Microparasite vs. Macroparasite

Edit:  It has come to my attention that this page is one of the top google hits for “microparasite,” “macroparasite,” and “microparasite vs. macroparasite.”  Since dozens of people end up here every day, I’ve remodeled this post to be more informative.  I hope this helps!  If you can think of something that I should add, let me know in the comments!  Thanks for visiting!

Microparasites vs. Macroparasites

The main distinction between microparasites and macroparasites is whether they “multiply” within their definitive host or not.  Microparasites do “multiply” in their definitive host, and macroparasites do not “multiply” in their definitive host.  This distinction is important because it influences the ecology and epidemiology of micro and macroparasitic infections.

“Multiply” vs. “Reproduce”

Why am I saying “multiply” instead of “reproduce?”  Because both microparasites and macroparasites may reproduce in the definitive host.  However, in macroparasites, reproduction usually leads to the production of eggs or larval stages that then leave the definitive host.  That is, reproduction occurs, but the host does not end up with more parasites.  Microparasites use direct reproduction; reproduction leads to an increase in the number of parasites within the host.

Microparasite Infections and Microparasite Examples

Microparasites are tiny!

They tend to have very short generation times in comparison to their hosts.  Compare your life span to that of viruses, bacteria, and fungi, which are the main ‘groups’ of microparasites.

In microparasite infections, the intensity of disease/pathology and infectiousness tend to be determined by whether the host is infected or not.  (At least, they can usually be modeled that way.)  That is, if you are infected, you probably have many, many parasites, because the parasites have high reproductive rates.  In other words, the number of parasites per host is not as important as it is in macroparasite infections.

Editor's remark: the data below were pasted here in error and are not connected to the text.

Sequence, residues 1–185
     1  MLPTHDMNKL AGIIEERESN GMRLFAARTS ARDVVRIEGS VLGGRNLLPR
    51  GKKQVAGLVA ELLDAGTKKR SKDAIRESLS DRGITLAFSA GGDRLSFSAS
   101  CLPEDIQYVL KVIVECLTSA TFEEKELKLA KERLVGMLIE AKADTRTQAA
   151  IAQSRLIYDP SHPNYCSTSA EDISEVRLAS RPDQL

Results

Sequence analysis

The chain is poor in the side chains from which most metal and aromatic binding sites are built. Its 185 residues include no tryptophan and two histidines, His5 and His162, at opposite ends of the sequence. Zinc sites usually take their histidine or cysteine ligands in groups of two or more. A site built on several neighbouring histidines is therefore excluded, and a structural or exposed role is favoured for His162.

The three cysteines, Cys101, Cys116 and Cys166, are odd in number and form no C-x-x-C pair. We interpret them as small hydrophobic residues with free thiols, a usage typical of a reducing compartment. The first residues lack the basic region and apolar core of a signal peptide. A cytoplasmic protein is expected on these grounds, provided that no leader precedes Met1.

Hosts tend to develop immunity to microparasites.

Here are some good examples of microparasites:

Macroparasite Infections and Macroparasite Examples

Macroparasites are bigger, and include things like helminths and arthropods.

They have relatively long generation times.

Macroparasite infections tend to be chronic, and they are accumulated relatively slowly.

Hosts don’t usually develop immunity to macroparasites, or else the immunity is short-lived and/or only happens with high parasite burdens.

Here are some good examples of macroparasites:

Modeling Microparasites and Macroparasites:

I originally wrote this post because I was reading Anderson and May’s (1991) “Infectious Diseases of Humans.”  Early on, they defined microparasites and macroparasites and explained why we model them differently.  I’ve basically given you a synopsis of their definitions, and now I’ll briefly touch on modeling.

As with any model, your decisions about what type of model you want to use will depend on a variety of things.  But in general, it makes sense to model microparasite infections with ‘compartmental models’ and presence/absence of infection.  You’re infected, or you aren’t, and if you are infected, then you have the “average” parasite load.  Again, this is because these parasites multiply quickly within the host.

Anderson's compartmental model, taken from here.

Anderson’s compartmental model, taken from here.

If you’re modeling macroparasite infections, the distribution of parasites becomes more important.  In hosts that are infected, most will have very few parasites, and some will have very many parasites.  Transmission and pathology will likely depend on the number of parasites per host.  Therefore, using a “present and average” type of model may not be useful (depending on your question).

Hope this helps!